Security FOMO

The Pursuit of Bright, Shiny Security Things

Helen Patton

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“I have all the resources I need, doing all the right work” — said no security leader, ever.

Glass beads, reflecting a rainbow of different colors
Photo by Nechama Lock on Unsplash

For most leaders running a security program, there is an ever-present sense that whatever they are doing isn’t enough, there is always more to do, there is some weakness that needs mitigating. It’s not surprising, really.

Start by taking a look at all the security frameworks and guides that suggest (or require) Things To Be Done. Even if you’re in one industry, in one geography, you are subject to a myriad of rules, regulations and guidelines. ISO, NIST, C5, IRAP, ISMAP, etc., etc., etc. Heaven forbid you support a multi-national organization, or a conglomerate of industries.

Then, go take a look at all the guidelines based on technology. Cloud Security Frameworks, OWASP, IoT Security. You could spend your entire security budget on Active Directory alone, and still not address all the vulnerabilities there. Every time your CIO decides to use a New Thing (cough, Artificial Intelligence, cough) it’s back to the drawing board to learn its threat surface, risk profile, attack sequence.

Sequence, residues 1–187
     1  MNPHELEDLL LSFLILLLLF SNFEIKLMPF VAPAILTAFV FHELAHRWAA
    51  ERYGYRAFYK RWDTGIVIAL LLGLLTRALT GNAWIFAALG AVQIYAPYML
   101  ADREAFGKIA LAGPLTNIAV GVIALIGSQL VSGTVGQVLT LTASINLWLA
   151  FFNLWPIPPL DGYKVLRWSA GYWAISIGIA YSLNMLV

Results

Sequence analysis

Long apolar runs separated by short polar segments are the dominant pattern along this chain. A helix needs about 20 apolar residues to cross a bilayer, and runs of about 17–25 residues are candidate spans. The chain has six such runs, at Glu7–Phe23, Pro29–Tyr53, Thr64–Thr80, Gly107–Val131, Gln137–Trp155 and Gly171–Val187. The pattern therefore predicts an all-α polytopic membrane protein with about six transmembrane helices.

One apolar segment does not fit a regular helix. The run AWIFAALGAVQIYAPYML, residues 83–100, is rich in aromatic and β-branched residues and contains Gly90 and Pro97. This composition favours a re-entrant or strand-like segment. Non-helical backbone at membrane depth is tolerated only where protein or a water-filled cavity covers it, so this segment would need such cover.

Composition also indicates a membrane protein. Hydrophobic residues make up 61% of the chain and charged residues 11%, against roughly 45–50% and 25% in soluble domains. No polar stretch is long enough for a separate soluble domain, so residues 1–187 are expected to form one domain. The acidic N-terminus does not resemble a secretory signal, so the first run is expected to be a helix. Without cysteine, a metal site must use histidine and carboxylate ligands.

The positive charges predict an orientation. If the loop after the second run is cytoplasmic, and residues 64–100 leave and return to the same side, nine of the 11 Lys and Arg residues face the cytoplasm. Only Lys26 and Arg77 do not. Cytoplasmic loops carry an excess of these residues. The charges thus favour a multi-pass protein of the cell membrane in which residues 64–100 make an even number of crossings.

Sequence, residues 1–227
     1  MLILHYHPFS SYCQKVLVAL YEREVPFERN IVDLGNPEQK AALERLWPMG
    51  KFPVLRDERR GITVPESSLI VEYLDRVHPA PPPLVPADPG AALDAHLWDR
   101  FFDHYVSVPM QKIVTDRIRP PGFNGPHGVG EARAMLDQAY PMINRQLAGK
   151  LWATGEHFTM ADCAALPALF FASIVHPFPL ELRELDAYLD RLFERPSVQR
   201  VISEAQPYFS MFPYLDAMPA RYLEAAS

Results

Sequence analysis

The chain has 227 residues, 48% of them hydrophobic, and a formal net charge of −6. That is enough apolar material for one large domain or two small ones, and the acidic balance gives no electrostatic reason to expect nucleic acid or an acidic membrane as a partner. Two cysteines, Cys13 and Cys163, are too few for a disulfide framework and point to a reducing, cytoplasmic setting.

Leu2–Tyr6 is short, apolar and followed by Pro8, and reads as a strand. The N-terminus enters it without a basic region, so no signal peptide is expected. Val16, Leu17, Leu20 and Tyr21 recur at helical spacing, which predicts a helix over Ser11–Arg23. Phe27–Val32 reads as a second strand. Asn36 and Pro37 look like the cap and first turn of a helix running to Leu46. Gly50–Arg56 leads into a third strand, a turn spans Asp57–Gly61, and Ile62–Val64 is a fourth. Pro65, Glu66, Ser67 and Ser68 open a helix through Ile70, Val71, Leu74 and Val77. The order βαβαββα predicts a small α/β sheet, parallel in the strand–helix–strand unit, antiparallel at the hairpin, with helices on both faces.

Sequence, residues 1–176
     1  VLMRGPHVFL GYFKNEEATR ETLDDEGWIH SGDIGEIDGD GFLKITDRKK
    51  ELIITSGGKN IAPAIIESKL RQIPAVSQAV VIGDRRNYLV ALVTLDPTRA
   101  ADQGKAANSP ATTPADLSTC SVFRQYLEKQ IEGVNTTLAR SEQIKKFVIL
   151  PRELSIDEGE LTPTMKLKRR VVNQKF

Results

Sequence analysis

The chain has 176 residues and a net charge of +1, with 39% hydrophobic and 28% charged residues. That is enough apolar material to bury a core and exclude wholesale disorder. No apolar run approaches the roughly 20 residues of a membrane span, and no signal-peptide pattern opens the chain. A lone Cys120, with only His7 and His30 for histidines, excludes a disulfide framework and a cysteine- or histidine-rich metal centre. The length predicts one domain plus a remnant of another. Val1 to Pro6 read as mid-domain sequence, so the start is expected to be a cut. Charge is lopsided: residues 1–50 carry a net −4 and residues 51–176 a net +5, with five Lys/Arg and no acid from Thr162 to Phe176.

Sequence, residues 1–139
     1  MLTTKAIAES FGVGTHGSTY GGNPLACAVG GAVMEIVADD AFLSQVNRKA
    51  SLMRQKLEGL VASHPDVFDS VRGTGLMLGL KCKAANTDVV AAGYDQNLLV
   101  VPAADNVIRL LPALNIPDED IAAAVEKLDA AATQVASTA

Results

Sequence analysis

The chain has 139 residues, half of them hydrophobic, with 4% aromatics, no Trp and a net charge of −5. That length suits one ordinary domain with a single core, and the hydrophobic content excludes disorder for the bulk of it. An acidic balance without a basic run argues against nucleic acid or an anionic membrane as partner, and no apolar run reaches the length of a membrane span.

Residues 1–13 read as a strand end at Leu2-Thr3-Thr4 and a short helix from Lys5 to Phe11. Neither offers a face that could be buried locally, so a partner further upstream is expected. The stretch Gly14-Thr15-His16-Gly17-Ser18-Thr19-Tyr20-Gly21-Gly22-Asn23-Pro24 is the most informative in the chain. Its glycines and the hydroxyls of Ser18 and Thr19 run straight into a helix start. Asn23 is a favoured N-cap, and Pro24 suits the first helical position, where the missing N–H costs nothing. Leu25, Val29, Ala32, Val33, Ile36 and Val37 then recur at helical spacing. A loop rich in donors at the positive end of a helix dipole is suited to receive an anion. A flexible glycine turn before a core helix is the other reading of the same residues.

For giggles, go attend a few security conferences. Particularly ones which allow security researchers to demonstrate new findings. There you will find amazingly smart people with new and exciting ways to take down your organization. Ways you hadn’t thought of before, have no solution for, that will require additional staff or services to manage.

And let’s not get started on the explosion of vendors selling point solutions to solve security problems. Take a walk on the vendor floor at any big conference. Sure, you’ll find the big security companies with their security platforms (which each have niche features). You’ll also find the start-ups who, in order to make a dent in the industry, focus on ONE THING, hoping to go public, or get bought by the big companies. You will find a solution for many security issues, but good luck knowing if it’s worth the time and money to put it in place.

Finally, on this tour of pain, go take a look at recent public breach events, and the commentary from the industry and press. There will be some small amount of sympathy for the victim company, but more often there will be…

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Helen Patton

Cyber Security, Technology Ethics, and Humanity. What else? I can be found at CISOHelen.com or on Twitter @CisoHelen or on Mastodon @cisohelen@infosec.exchange